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Beginner’s Guide

Leverage in Forex


Leverage in Forex
Leverage in Forex, image: tradingonlineguide.com

The ratio of invested amount relative to the trader’s actual equity / deposited funds is known as leverage.  In forex, leverage is the trader’s best benefit – and it is to be treated with caution and understand the meaning of the ratio chosen. Your account may have a limitation on the ratio of leverage which might be allocated for you.  Leverage is expressed in ratios.

iRead: Lots in Forex

The market is very diverse and acquires a lot of attention in understanding the terms used. Leverage can also be explained as borrowed capital, this borrowed capital is used to invest in something – this money is borrowed from a broker.

Forex Trading as the biggest market as the highest leverage of all markets. It is also important to note your leverage most of the type will be based on the broker’s margin requirement.

Margins in Percentages

  • 5% Margin gives a maximum of 20:1 leverage
  • 3% Margin gives a maximum of 33:1 leverage
  • 2% Margin gives a maximum of 50:1 leverage
  • 1% Margin gives a maximum of 100:1 leverage
  • 50% Margin gives a maximum of 200:1 leverage
  • 25% Margin gives a maximum of 400:1 leverage

Many would often refer to leverage as “a double-edged sword” or “a two-way street”. Leverage will always give traders an advantage to make tons of potential profit, and conversely, a huge potential loss. It is important to understand all the tools involved in forex to minimize the risks thereof.  Because Forex is leveraged – one need to familiarize themselves with Stop Losses, Take Profit as well as other orders to help minimize the risks and yet draw you a huge amount of profit should the market turn on your favor.


With a leverage of 1:100 which is a ratio, pronounced “1 to 100” – shows for every US$1 you invest, the broker will invest US$100 for you.

If your equity or funds in your account is US$1000 with the same leverage – this means you are in control of US$100000.

Similarly, if you had a leverage of 1:500, for every US$1, the broker will invest US$500 for you.


Leverage plays a bigger role when it comes to currency trading, there are a number of techniques working together for a successful execution in forex. There are pips and lots which will be discussed in the next topic.

There are a number of advantages to using leverage. Because to execute a 1 standard lot in forex requires 100 000 units of currency – makes it impossible for an amateur traders, even for professionals, what leverage does, it gives you an opportunity to execute a US$100 000 trade with a minimal amount of money – even with just a $1000 deposit, giving you more chance of making even more money and or lose it. In forex, either you win a trade or lose a trade, that’s what you should come in terms with when trading.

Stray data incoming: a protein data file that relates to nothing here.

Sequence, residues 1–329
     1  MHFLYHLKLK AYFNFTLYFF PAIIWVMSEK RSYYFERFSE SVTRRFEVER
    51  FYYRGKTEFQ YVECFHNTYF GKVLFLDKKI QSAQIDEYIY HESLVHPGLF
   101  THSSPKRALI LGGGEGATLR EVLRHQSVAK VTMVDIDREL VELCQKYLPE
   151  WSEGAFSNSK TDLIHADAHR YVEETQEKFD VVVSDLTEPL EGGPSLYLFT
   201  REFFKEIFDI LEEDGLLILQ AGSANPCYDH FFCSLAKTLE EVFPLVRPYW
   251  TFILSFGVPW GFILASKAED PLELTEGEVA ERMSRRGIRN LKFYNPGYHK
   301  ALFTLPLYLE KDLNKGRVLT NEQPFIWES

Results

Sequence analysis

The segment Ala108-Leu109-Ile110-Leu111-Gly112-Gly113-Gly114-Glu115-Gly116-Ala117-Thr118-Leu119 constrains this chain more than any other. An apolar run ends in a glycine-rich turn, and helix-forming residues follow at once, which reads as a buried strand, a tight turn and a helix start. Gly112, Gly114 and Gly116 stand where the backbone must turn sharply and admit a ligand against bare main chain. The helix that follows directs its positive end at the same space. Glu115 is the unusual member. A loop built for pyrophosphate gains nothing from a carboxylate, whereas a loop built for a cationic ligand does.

Even professionals have losing trades, and so leverage is to be treated with caution and understand the basics and method that could be used to minimize the risks involved.

One cannot simply eliminate risks involved, NO! The best chance you have is to minimize the risks.

Calculating Leverage

If you have a leverage ratio of 400:1, a $100 would allow a trade to trade up to $40 000 worth of currency.  A performance bond is a margin in a forex account; every broker has a minimum margin requirement to open a position – which isn’t borrowed money, but the amount of equity needed to cover your losses.  Buying or selling currencies is like buying or selling futures.

The margin requirement can be met with money as well as profitable open positions on your trading platform. The equity in your account is the total amount of cash added to your profitable open position minus/subtracted by losing positions.

Total Equity = Cash + Profitable Open Position – Open Losing Positions (This will determine how much margin is left on your account)

If you use 100% of your margin for trades, which highly not recommended, Margin Call may happen.  You’ll notice this as your broker closes your positions until there’s enough margin to cover your losses.

Margin = 1/leverage

To determine margin, 100:1 leverage ratio, would be 1/100 = 0.01, thus 1%, similarly with a 50:1 leverage ratio, it will result in 1/50 =0.02, thus 2%.

Leverage =1/margin =100/margin percentage, Leverage is inversely proportional to margin

If the margin is 0.01, this makes the margin percentage 1%, and leverage is 1/0.01 = 100/1 = 100 and thus ratio = 100:1

The simplest way to calculate Margin required is:

Required Margin = Trade Size / Leverage * Account Currency Exchange Rate 

Scenario: You purchase a 100 000 units of EUR/USD with a leverage of 100:1, with the currency rate at 1.14807

Example 1: Margin Requirement = Required Margin = trade size/leverage * Account Currency Exchange Rate = 100000/100 *1.14807=1148, 07

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